The Grande Utopia EM matches those advances in midrange and high-frequency driver performance and enclosure design, with equivalent advances at low frequencies, in extending the Focus Time concept that governs the larger Utopia’s curved baffle arrangement and in crossover developments to actually deliver the increased musical potential. Confronted with a structure as strikingly different as the latest Grande, it’s easy to assume that it’s an exercise in ostentatious aesthetics (at the possible expense of performance)—especially when it’s this big and this red! (Well, the speaker comes in black and a subtle pale grey too—while anything, as they say, is possible.) What’s more, by presenting such a striking and well rounded form, the speakers make a statement, rather than trying to hide or slip into the background—never a possibility with something this large!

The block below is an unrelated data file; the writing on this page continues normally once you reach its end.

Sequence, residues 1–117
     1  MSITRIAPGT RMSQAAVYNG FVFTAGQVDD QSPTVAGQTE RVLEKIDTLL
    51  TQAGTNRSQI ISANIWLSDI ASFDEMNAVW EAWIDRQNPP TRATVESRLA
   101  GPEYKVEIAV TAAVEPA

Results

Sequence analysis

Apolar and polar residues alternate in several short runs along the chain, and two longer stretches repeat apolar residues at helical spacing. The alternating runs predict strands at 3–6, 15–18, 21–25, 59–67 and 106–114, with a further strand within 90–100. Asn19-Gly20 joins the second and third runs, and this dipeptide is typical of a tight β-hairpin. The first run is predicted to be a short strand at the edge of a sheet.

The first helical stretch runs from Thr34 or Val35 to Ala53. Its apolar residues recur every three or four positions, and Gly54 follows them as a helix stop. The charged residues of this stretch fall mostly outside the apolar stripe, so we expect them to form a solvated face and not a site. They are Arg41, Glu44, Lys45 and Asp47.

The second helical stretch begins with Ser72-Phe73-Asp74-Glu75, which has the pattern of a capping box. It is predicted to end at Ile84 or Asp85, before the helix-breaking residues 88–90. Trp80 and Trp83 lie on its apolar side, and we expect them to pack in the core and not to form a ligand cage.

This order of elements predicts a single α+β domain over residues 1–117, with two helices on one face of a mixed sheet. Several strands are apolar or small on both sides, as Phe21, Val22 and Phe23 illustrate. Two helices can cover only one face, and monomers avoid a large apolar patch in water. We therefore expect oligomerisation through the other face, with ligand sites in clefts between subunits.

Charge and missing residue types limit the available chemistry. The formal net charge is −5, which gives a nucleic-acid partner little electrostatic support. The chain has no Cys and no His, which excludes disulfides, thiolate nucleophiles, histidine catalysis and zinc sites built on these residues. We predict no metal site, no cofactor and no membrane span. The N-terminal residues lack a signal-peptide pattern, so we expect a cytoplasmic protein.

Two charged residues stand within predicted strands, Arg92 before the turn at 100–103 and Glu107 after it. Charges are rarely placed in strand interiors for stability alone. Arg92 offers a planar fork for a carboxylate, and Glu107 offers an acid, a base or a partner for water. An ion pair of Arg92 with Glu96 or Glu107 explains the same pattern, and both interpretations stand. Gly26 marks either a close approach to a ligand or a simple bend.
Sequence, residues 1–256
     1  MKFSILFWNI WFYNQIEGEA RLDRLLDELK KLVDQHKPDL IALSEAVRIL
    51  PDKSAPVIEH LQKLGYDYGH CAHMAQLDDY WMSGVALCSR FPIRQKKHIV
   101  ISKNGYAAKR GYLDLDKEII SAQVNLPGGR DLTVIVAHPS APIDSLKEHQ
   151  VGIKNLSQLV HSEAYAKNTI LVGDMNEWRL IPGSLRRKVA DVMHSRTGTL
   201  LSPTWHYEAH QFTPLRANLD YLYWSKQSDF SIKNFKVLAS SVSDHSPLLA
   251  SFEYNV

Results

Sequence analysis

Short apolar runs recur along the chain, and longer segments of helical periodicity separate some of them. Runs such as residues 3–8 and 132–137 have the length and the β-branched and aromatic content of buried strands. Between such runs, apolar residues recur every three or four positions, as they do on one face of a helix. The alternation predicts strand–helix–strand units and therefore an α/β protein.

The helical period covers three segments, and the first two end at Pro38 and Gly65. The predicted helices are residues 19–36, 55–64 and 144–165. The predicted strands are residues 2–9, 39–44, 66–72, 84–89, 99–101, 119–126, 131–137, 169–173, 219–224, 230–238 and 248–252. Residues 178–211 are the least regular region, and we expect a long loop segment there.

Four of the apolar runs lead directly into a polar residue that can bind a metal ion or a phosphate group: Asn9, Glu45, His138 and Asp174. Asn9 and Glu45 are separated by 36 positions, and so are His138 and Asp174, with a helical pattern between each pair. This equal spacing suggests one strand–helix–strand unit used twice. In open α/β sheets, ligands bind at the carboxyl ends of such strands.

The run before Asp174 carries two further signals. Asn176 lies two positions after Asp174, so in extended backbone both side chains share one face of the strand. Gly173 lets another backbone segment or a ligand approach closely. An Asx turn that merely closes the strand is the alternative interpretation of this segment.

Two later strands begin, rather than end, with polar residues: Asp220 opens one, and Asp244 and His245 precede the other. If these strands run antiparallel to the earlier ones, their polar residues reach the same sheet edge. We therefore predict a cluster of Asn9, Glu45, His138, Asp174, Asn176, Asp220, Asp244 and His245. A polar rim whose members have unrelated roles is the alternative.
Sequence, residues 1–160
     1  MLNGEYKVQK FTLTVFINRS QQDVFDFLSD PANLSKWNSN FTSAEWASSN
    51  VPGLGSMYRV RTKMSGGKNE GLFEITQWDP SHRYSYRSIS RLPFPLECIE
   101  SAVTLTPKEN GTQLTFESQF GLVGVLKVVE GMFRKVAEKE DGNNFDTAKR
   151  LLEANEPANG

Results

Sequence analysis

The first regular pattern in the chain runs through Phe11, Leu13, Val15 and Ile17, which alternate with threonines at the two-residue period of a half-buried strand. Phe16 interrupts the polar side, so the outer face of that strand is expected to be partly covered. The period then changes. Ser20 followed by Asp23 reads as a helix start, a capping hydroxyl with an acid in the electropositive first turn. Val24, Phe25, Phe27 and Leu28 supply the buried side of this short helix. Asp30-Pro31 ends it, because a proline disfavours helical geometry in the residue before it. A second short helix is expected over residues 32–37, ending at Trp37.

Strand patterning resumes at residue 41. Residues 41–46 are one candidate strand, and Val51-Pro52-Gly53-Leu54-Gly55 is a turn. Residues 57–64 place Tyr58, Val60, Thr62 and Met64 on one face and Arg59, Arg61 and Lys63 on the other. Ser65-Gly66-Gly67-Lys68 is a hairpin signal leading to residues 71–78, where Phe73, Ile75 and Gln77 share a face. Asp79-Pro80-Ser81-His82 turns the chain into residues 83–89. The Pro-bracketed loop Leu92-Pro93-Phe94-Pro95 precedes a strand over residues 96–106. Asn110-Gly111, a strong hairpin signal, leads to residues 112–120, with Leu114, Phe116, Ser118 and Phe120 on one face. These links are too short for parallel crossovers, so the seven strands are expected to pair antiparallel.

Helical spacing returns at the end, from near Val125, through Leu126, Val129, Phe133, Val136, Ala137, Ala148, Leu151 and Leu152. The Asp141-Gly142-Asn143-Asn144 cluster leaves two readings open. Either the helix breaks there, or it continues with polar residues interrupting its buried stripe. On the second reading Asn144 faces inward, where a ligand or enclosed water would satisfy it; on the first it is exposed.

Besides the superb standard of finish, the key factor in this success is the Bauhaus discipline to the design, its form absolutely dictated by function. But its revolutionary appearance pales into insignificance against the mechanical and technological developments that lurk beneath its skin, so let’s examine each developmental aspect in turn.
Adjustable Cabinet Geometry
Separate, stacked enclosure modules are nothing new in loudspeaker design, with many companies relying on the approach to fine-tune arrival times and driver placement relative to the listening position—often in conjunction with a complex set of tables or formulae to calculate proper placement. Indeed, the first and second series Utopias used both separate cabinets and a curved displacement of the drivers to arrange them relative to the listening position.